Photographs (left to right): Russian Thistle, Mojave Desert, California; Ridgecrest, California; Teddy Bear Cactus, Joshua Tree National Park, California

Wampum Belt Archive


Canandaigua Treaty Belt

(George Washington Covenant Belt)

Original Belt

Reproduction (R. D. Hamell)

Original Size:
Length: 72.45 inches. Width: 5.25 inches. Rows: 15. Beads: est. 10,000.
Beaded length: 105 inches. Width: 7.0 inches. Length w/ fringe: 128.0 inches.
Rows: 609 by 15 beads wide. Total beads: 9,135.
Warp: leather. Weave: artificial sinew.


The symbolic figures of 15 men with outstretched arms and clasped hands, extend along its length. In the center is a figure of a house, from the roof of which extends a protecting shelter for the man standing on either side. These two figures may be considered to be the Keepers of the East and West Doors, respectively, of the Iroquoian Long House and to be acting as guards to the open door of the effigy of the pale face house, or the National Capitol Building. The other remaining 13 figures, signifying the 13 original colonies, are joined in unity by the clasped hands. The designs are woven in the dark or purple beads on a solid white beaded field which denotes peace and friendship (Clarke, 1931).

Canandaigua Peace Treaty of 1794 (Quoted from: Bardeau, 2011)
In 1794, the United States was addressing the issues of aboriginal rights, particularly those of the Hodinöhsön:ni´. The Treaty of Paris, which ended the American Revolution, did not include Hodinöhsön:ni´ interests in its provisions. The first attempt to rectify this situation was made at Fort Stanwix in 1784. There, Hodinöhsön:ni´ war chiefs, who did not have the authority to make such decisions, ceded thousands of acres of their aboriginal territory to Pennsylvania, New York and the United States. Many Six Nations leaders were now trying to get some or all of that territory back. Fearing that the Hodinöhsön:ni´ might lend its support to the war in the northwest (Ohio) territory, George Washington sent Timothy Pickering to Canandaigua to renegotiate the agreement in an effort to satisfy Hodinöhsön:ni´ concerns, as well as to keep the peace.

George Washington belt was given by him to the Haudenosaunee delegation of sachems who met with him in Philadelphia in early 1792. It wasn't until November of 1794 the treaty was formally signed in Canandaigua (Hamell, G.R. 2014).

The Treaty of 1794 (also known as the Pickering or Canandaigua Treaty) established and recognized Hodinöhsön:ni´ title to a fraction of its ancestral homeland. More importantly, it guaranteed each Nation’s sovereignty on the land that remained. The U.S. (nor any of its individual states or land speculators) could not take these lands away unless the Nation chose to sell. In addition, the treaty provided $10,000 in goods and an annuity of $4,500 and pledged to deal with the offenders guilty of criminal acts against members of the Six Nations.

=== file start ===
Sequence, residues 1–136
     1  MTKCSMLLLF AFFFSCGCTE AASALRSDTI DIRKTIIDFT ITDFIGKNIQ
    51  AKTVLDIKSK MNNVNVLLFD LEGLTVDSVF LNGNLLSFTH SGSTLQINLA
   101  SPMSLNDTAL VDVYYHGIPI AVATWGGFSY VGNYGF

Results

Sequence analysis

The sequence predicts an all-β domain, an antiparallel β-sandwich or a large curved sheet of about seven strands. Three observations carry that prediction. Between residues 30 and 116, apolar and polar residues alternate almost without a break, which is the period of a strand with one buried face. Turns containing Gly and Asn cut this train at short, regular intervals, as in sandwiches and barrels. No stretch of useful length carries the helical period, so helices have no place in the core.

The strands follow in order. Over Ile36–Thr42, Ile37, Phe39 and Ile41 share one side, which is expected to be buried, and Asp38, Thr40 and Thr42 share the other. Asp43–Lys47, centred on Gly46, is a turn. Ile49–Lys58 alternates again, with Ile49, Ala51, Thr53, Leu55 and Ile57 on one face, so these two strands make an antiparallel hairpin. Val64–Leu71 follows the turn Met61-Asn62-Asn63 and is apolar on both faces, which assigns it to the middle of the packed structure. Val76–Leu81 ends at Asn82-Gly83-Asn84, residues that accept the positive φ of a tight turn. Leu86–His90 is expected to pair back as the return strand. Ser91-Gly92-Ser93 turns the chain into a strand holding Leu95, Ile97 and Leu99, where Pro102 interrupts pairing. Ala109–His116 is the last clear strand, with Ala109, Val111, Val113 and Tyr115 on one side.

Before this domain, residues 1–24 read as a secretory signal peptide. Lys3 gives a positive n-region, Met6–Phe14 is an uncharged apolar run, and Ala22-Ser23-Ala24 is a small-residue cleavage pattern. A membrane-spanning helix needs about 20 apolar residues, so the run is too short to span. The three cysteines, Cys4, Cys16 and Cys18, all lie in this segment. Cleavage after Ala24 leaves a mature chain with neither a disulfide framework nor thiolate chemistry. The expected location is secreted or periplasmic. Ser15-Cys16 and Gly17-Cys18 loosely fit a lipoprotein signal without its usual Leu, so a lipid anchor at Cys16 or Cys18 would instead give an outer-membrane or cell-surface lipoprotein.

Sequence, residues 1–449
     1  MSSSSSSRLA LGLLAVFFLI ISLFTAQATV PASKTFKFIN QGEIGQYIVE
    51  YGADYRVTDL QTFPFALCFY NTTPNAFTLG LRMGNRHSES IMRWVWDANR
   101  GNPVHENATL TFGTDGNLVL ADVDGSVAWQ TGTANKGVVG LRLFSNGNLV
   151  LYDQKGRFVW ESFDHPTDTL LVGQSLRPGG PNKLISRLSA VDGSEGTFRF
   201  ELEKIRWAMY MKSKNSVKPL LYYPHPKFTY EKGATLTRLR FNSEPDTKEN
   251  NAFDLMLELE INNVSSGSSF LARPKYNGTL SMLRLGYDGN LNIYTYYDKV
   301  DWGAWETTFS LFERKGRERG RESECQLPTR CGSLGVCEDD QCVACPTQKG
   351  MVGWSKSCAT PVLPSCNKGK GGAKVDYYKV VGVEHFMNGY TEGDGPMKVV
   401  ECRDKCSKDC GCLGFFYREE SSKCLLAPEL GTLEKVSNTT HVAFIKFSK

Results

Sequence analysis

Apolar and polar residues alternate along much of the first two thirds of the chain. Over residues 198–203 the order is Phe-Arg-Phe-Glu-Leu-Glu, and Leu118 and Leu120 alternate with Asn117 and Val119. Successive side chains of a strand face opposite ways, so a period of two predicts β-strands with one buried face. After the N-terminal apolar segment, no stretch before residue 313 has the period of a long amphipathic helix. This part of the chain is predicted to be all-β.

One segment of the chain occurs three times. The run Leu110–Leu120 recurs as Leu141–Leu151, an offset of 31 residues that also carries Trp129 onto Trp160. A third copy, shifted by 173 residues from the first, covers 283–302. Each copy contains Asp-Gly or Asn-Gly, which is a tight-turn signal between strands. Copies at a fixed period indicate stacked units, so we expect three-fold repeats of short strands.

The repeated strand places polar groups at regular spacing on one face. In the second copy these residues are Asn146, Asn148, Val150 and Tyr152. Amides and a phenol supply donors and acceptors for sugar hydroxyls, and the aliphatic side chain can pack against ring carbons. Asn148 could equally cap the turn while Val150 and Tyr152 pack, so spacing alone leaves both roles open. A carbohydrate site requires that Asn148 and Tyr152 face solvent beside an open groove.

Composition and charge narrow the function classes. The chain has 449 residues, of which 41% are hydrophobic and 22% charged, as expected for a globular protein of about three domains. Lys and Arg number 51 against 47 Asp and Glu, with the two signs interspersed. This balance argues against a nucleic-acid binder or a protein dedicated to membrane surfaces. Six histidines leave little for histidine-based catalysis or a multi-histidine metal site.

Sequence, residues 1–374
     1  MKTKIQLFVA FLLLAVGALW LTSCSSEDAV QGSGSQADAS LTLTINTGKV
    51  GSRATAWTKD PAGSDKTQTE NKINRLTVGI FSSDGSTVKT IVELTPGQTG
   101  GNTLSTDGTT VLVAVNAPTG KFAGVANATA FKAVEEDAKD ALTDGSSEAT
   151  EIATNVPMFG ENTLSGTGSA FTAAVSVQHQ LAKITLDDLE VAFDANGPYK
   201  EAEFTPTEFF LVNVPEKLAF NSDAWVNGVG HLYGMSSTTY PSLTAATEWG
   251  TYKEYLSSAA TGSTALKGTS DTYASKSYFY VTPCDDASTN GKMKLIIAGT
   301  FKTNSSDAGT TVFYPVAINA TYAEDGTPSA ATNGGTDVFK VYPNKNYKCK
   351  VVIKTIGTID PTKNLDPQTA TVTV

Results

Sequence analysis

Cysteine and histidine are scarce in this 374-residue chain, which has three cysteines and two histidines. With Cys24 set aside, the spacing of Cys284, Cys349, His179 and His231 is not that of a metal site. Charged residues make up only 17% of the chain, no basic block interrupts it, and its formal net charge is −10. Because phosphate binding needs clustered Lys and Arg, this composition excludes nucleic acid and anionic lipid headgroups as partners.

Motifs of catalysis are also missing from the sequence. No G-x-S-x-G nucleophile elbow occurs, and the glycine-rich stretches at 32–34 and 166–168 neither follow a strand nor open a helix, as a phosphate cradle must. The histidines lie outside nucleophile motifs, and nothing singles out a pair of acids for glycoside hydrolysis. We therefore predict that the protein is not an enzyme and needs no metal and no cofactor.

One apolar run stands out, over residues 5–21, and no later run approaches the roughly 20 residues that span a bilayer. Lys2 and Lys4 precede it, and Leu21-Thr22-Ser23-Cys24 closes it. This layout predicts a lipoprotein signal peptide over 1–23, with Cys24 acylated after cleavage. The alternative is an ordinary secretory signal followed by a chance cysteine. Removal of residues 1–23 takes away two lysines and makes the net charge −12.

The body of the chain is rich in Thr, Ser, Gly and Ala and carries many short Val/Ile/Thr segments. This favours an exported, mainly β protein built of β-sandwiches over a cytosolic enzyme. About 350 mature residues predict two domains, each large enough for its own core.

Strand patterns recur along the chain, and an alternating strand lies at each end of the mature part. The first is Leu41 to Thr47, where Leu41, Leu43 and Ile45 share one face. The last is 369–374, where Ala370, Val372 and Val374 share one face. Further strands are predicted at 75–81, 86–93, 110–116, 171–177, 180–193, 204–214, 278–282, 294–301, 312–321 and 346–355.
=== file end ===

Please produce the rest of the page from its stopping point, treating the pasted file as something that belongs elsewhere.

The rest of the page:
The Canandaigua Treaty’s importance to the United States and to the Hodinöhsön:ni´ cannot be overstated. Not only did it strengthen the federal position of authority over individual states when dealing with Native nations, but it also established a federal responsibility to protect Native interests and sovereignty from state and individual ambitions. Each year, the United States continues to honor this agreement with the distribution of annuity cloth. And each year, the Hodinöhsön:ni´ “brighten the chain of friendship” by commemorating the Treaty of Canandaigua on November 11 – the day and month when the treaty was first signed. For more information see Jemison and Schein (2000).

Randy John (2014) provided the following transactions which took place in 1792:

April 23, 1792 (IV) Presidential ratification on agreement with the Five Nations. National Archives and Records Service, Washington, D.C., Diplomatic Branch, Indian Treaties.

April 23, 1792 (III) Presidential ratification agreement with the Five Nations. National Archives and Records Service, Washington, D.C., Diplomatic Branch, Indian Treaties.

April 23, 1792 (II) Article of stipulation of $1,500 annuity to the Five Nations signed by George Washington and Henry Knox. Huntington Library, San Marino, Calif., HM 576.

Stolle, Nickolaus (2016): Backed with linen in 1956. Bequest of Emma T. Thacher 1927, purchased by her husband John B. Thacher in 1893, acquired by Henry Carrington from Thomas Webster, an Onondaga in 1891. Repatriated 1988.


Bardeau, Phyllis Eileen Wms. 2011. Definitive Seneca: It's In The Word. Jaré Cardinal, editor. Seneca-Iroquois Museum Publisher, Salamanca, New York, 443pp.

Clarke, Noah T. 1931 New York State Museum Bulletin No. 288.

Hamell, G. R. 2014. Personal Communications.

Jemison, G. Peter and Anna M. Schein. 2000. Treaty of Canandaigua 1794: Two Hundreds Years of Treaty Relations Between the Iroquois Confederacy and the United States. Clear Light Publ., 335pp.

John, Randy A. 2014. Personal Communications.

Stolle, Nickolaus. 2016. Talking Beads: The history of wampum as a value and knowledge bearer, from its very first beginnings until today. Hamburg, Germany. ISSN 1437-7837